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Particular considerations for correlation analysis using data from the Teacher Education and Development Study in Mathematics (TEDS-M)

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Abstract:

The Teacher Education and Development Study in Mathematics (TEDS-M), focusing on how teachers are prepared to teach mathematics in primary and lower secondary schools in 17 countries, is the first large scale assessment in higher education that uses national representative samples. Its results will be released in spring 2011, and the public-use database will be released shortly afterwards, providing a precious basis for secondary analysis of the collected data.
The specific design of the study calls for analysis methods that consider the particular structure of the data, originating from complex cluster samples.
In this paper, the focus is on particularities that need to be considered when conducting correlation analysis. In many instances correlation analysis may produce misleading results when performed on raw data. For example, a researcher might be interested in whether there is a relationship between opportunities offered to connect classroom learning to practice (comprised in one index variable) and the pedagogical content knowledge score. Obviously, the opportunities to learn or practice specific contents are very similar (if not identical) to future teachers attending the same program. The variation in the respective variable is therefore small if not zero, within a program. We believe it is therefore more appropriate to use data that was aggregated in a first step using the program as a break variable and to conduct the correlation analysis using the aggregated data afterwards. Also, the choice of the correlation method must be considered carefully since in many instances, the data will not fulfill the preconditions for a Pearson correlation.
Further, balanced repeated replication needs to be applied for variance estimation and the correct weights must be used in order to get unbiased estimates of the correlation coefficient and its sampling variance. The proper procedures to perform this kind of analysis will be introduced.
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Association:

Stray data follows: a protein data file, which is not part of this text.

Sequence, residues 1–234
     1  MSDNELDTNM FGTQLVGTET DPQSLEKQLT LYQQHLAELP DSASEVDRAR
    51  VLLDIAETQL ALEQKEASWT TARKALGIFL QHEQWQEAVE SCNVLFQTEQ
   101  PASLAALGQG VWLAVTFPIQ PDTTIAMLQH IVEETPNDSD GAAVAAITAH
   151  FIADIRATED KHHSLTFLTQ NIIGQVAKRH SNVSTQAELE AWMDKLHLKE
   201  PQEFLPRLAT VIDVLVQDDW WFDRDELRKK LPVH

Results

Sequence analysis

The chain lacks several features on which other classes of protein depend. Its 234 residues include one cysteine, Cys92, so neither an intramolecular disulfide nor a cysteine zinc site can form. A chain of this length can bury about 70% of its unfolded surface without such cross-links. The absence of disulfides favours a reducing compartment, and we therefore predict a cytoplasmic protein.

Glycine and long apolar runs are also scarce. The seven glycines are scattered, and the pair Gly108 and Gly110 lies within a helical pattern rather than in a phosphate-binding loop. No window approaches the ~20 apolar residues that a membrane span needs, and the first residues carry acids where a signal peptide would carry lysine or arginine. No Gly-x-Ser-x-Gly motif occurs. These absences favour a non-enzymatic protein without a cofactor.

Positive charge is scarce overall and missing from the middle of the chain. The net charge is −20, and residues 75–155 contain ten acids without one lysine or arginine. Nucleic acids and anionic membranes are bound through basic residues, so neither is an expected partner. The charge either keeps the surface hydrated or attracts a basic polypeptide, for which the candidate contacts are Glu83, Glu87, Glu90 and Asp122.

Name: 55th Annual Conference of the Comparative and International Education Society
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http://www.cies.us


Citation:
URL: http://citation.allacademic.com/meta/p492570_index.html
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MLA Citation:

Meinck, Sabine. and Rodriguez, Michael. "Particular considerations for correlation analysis using data from the Teacher Education and Development Study in Mathematics (TEDS-M)" Paper presented at the annual meeting of the 55th Annual Conference of the Comparative and International Education Society, Fairmont Le Reine Elizabeth, Montreal, Quebec, Canada, May 01, 2011 <Not Available>. 2014-11-26 <http://citation.allacademic.com/meta/p492570_index.html>

APA Citation:

Meinck, S. and Rodriguez, M. , 2011-05-01 "Particular considerations for correlation analysis using data from the Teacher Education and Development Study in Mathematics (TEDS-M)" Paper presented at the annual meeting of the 55th Annual Conference of the Comparative and International Education Society, Fairmont Le Reine Elizabeth, Montreal, Quebec, Canada <Not Available>. 2014-11-26 from http://citation.allacademic.com/meta/p492570_index.html

Publication Type: Conference Paper/Unpublished Manuscript
Review Method: Peer Reviewed
Abstract: The Teacher Education and Development Study in Mathematics (TEDS-M), focusing on how teachers are prepared to teach mathematics in primary and lower secondary schools in 17 countries, is the first large scale assessment in higher education that uses national representative samples. Its results will be released in spring 2011, and the public-use database will be released shortly afterwards, providing a precious basis for secondary analysis of the collected data.
The specific design of the study calls for analysis methods that consider the particular structure of the data, originating from complex cluster samples.
In this paper, the focus is on particularities that need to be considered when conducting correlation analysis. In many instances correlation analysis may produce misleading results when performed on raw data. For example, a researcher might be interested in whether there is a relationship between opportunities offered to connect classroom learning to practice (comprised in one index variable) and the pedagogical content knowledge score. Obviously, the opportunities to learn or practice specific contents are very similar (if not identical) to future teachers attending the same program. The variation in the respective variable is therefore small if not zero, within a program. We believe it is therefore more appropriate to use data that was aggregated in a first step using the program as a break variable and to conduct the correlation analysis using the aggregated data afterwards. Also, the choice of the correlation method must be considered carefully since in many instances, the data will not fulfill the preconditions for a Pearson correlation.
Further, balanced repeated replication needs to be applied for variance estimation and the correct weights must be used in order to get unbiased estimates of the correlation coefficient and its sampling variance. The proper procedures to perform this kind of analysis will be introduced.


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